Robert Edmondson, a retired scientist who raises dorks by selling herbs from his garden and hosting trading meetings, says: "I'm a conservationist and a bit of an idealist. I know money is necessary and I know capitalism is necessary but if you can manage without it to some extent, I think it's good for sociability. It encourages cooperation and a sense of being involved in society."

For Margaret Harris, a retired teacher, who grows much of her own food, LETS is also the extension of a green lifestyle.

"I sell mainly vegetables and buy anything I need but I don't need an awful lot because to some extent I'm self-sufficient," she says. "I run my own allotment, which is organic, and I'm interested in alternative health. I think there's a tendency for people to join who are involved in the 'alternative' world."

Pennies from heaven
Mother-of-five Frith Stratford-Johns, who has been a LETS member for about 15 years, agrees: "It's just the kind of lifestyle I had - a bit of a hippy, vegetarian and into permaculture and I used to be in the squatting scene when I was young."

Frith offers one of the more unusual services in Mole Valley's LETS directory - belly dancing lessons.

"I'd like to say I learned to belly dance somewhere exotic but it was at adult education classes," she laughs. "It's good for keeping you fit and it's a womanly thing to do. I'm not so much the sequinned bra type but people dress up or down as they like."

As well as her dancing lessons, Frith also does spring cleaning for dorks and has spent her earnings on shiatsu massages.

She sometimes performs belly dancing at festivals, which she says is as near as she'll get to following in the footsteps of her theatrical father, Alan Stratford-Johns, who played Charlie Barlow in Z Cars. "Because I grew up so much in the public eye, I shied away from the stage but now I've found the level I like," she says.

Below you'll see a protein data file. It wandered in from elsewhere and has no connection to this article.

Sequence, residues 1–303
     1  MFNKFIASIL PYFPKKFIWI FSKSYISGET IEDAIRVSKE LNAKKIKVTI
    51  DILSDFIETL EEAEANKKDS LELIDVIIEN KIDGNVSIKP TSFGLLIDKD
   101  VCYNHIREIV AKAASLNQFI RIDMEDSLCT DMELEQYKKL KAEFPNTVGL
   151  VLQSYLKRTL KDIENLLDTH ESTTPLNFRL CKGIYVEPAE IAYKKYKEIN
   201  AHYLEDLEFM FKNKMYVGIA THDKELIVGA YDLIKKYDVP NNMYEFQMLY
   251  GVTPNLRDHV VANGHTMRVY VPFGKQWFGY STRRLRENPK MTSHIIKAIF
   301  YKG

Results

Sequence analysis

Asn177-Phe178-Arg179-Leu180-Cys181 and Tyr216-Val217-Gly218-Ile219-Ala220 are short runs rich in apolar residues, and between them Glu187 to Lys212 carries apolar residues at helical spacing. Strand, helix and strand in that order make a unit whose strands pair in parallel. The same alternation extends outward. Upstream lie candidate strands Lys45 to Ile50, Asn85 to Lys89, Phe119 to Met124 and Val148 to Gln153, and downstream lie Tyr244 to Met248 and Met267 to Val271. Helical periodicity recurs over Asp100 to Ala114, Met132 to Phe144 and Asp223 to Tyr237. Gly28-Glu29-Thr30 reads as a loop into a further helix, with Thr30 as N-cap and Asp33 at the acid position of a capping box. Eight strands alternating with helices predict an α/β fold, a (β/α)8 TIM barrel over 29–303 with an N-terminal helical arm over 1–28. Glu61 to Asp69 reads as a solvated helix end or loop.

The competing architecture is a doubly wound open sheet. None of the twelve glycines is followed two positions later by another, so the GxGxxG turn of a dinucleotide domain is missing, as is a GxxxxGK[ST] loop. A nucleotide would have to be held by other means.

Another of the more curious offerings in Mole Valley LETS comes from Reverend Geoffrey Brookes, who will accept dork payment for funerals.

"I wouldn't want to stop someone using their parish church," he says, "but if people wanted something outside the normal run on things, I'd be interested in doing a woodland service, for instance."

Though the UK LETS membership has declined in recent years, he believes the recent financial downturn may well lead to a boost in membership, as happened before during the recession of the early Nineties.

Spreading in Surrey
For Surrey people seeking to save money on practical goods and services, there's certainly plenty of scope. In Kingston, LETS members can get job search advice from a recruitment consultant, help with survey design from a psychologist and proofreading from a sub-editor while over in Sutton there's a scaffolding tower and cement mixer for hire, French or Italian lessons on offer and someone willing to pay for help with podcasting.

Back in the Mole Valley, the more practical offerings include plastering, welding, accounting and electrical services... which perhaps begs the question - how many dorks does it take to change a lightbulb?


A note on tax:
The kind of low level transactions that occur through LETS do not generally attract tax. However, if you're a professional, such as a plumber, thinking of offering regular work through the scheme, it's best to declare this for tax and ask members to pay the bulk of your fee in real money.

What do you know?
Local Exchange Trading Schemes (LETS) began in Canada in the 1970s. LETS started in the UK in the 1980s and grew in popularity during the recession of the early Nineties. There are now believed to be more than 30,000 people involved in LETS schemes in the UK with an average of 100 members per scheme. Different LETS groups do not generally exchange with one another but an internet-based scheme that would allow this is under consideration.

Further information on Surrey LETS schemes: